Nintendo Power is going to be outsourced to Imagine Media, meaning the long-standing and proud magazine will no longer be run by Nintendo themselves. This inspired Jay and Christian to resurrect this old project. Most people claim that Nintendo Power review scores cannot be trusted, or are at least suspect, considering they come “in house” rather than from an independent source. Now that this will no longer be the case, let us look back at the old Nintendo Power and see how they stacked up to the rest of the gaming world when reviewing Nintendo DS games.
A few nuggets of info before we start. The numbers used are the weighted averages from Metacritic, Nintendo Power’s scores, and the minimum and maximum non-Nintendo Power scores. All numbers are for the top 30 and bottom 30 DS games.
There are so many problems with the numbers used here that we cannot use the results for any serious statistical results. For one, we start off with weighted averages before we even calculate any means, and we have no idea how Metacritic calculates their averages. The samples are not random, and are not necessarily independent. Also, knowing game reviewers, it is hard to say that these review scores follow a normal distribution (insert joke here about how everything is rated a 7).
The point is, we are doing this for fun. If you want to point out all the flaws, even in the calculation of the stats, you are wasting your breath. I know my stats prowess is rusty as hell, and you know you are free to stop reading whenever you please. Also, for reference, we provide the numbers we used in .xls and .csv format. Now lets get on with it.
First we will look at the Metacritic averages for all the DS games in my spreadsheet compared to NinPow’s scores by doing a classic two sample t-test. The null hypothesis is, of course, that there is no difference between them; the alternate is that there is a difference. Here are the numbers from minitab:
T-Value = -1.86 P-Value = 0.065 DF = 117
So from this we fail to reject the null hypothesis, and do not have enough evidence to say Nintendo Power’s scores are significantly different from the rest of the gaming world’s.
Let’s look at some boxplots:
Nasty! There is a lot to see here, but for our simple study I’ll just say this; Nintendo’s scores look to be on a whole higher, but its boxplot looks fairly normal, with the mean and median close to each other, and the data does not look terribly skewed. The Metacritic scores are highly skewed, and the data looks to be affected much more by outliers. To visualize this a bit better, here’s a dotplot:
Nintendo Power’s scores seem are fairly spread out, while Metacritic’s are sharply divided. This is fairly interesting — Metacritic does exactly what we might expect, considering these are the 30 best and worst rated games on the DS. Nintendo Power however has its scores fairly spread out. This may mean that they are sometimes extra harsh or extra lenient on certain games.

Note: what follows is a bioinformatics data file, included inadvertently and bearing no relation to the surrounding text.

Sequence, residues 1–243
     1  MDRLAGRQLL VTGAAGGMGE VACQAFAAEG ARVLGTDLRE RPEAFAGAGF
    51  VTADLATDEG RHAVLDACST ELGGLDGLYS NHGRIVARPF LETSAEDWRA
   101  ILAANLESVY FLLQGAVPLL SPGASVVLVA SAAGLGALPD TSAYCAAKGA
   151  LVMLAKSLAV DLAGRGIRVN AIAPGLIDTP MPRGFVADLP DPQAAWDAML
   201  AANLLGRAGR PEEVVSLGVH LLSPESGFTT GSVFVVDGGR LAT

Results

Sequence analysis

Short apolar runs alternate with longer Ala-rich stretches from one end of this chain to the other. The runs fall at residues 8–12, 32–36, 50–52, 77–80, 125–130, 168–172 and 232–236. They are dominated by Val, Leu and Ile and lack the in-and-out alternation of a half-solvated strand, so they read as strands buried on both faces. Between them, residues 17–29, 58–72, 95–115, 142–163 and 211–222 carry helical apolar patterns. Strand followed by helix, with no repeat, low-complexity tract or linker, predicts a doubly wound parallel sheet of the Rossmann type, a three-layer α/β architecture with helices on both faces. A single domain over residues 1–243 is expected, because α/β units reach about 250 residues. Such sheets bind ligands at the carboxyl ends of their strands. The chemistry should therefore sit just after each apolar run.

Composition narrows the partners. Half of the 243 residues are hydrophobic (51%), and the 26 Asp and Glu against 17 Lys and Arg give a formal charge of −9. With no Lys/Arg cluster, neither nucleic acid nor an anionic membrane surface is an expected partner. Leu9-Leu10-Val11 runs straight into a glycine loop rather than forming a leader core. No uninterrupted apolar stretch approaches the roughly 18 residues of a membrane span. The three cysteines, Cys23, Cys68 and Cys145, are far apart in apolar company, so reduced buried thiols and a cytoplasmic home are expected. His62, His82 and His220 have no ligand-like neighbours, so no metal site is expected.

Now let us do a t-test on the lowest 30 games. The null hypothesis is that there is no difference, the alternate is that Metacritic scores are lower than NinPow scores.
Difference = mu Weighted Average – mu Nintendo Power
Estimate for difference: -12.07
95% CI for difference: (-17.39, -6.76)
T-Test of difference = 0 (vs < ): T-Value = -4.57 P-Value = 0.000 DF = 46 This t-test rejects the Null Hypothesis, which would support the conclusion that Nintendo Power is more favorable than other reviewers when it comes to crappy DS games. Now let us do the same for the top 30 games. The hypotheses are the same.
Difference = mu Weighted Average – mu Nintendo Power
Estimate for difference: -0.23
95% upper bound for difference: 3.78
T-Test of difference = 0 (vs <): T-Value = -0.10 P-Value = 0.461 DF = 33 We fail to reject the null hypothesis this time, so there is not enough evidence to say there is a difference in how the review outlets judge the best of the DS games. Here are the boxplots and dotplots for this test, which shows a pretty even distribution of scores from Metacritic, and some severe outliers from Nintendo Power
I took a look to see what games were causing the outliers, and the results were surprising. Several games got abysmal scores from NinPow, including Puzzle Quest and Yoshi’s Island DS. Interesting considering how popular these two games are.
The final test I wanted to do was to compare the minimum review scores from Metacritic with Nintendo Power’s scores. So I did it. The results:
Two-sample T for Min Review vs Nintendo Power
Difference = mu Min Review – mu Nintendo Power
Estimate for difference: -28.87
95% upper bound for difference: -22.29
T-Test of difference = 0 (vs <): T-Value = -7.28 P-Value = 0.000 DF = 113
So it would seem that NinPow does give more favorable scores than other review sites, though this test is useless considering it ignores all other scores for the games.
Because this is an informal analysis, we can’t really glean any factual information. But we sure can speculate. Metacritic implies that most reviewers are doing what we would expect them to, praising the best and slamming the worst the DS has to offer. Nintendo Power, however, is a little goofy. They very well may be kinder to crappy games, and the fact that the first test showed a much less extreme distribution of scores compared to Metacritic implies they have some very unexpected scores. This is supported by the scores for Puzzle Quest and Yoshi’s Island, which are surprisingly lower than you might expect. Perhaps Nintendo allows for more honest scores for games they know will sell regardless.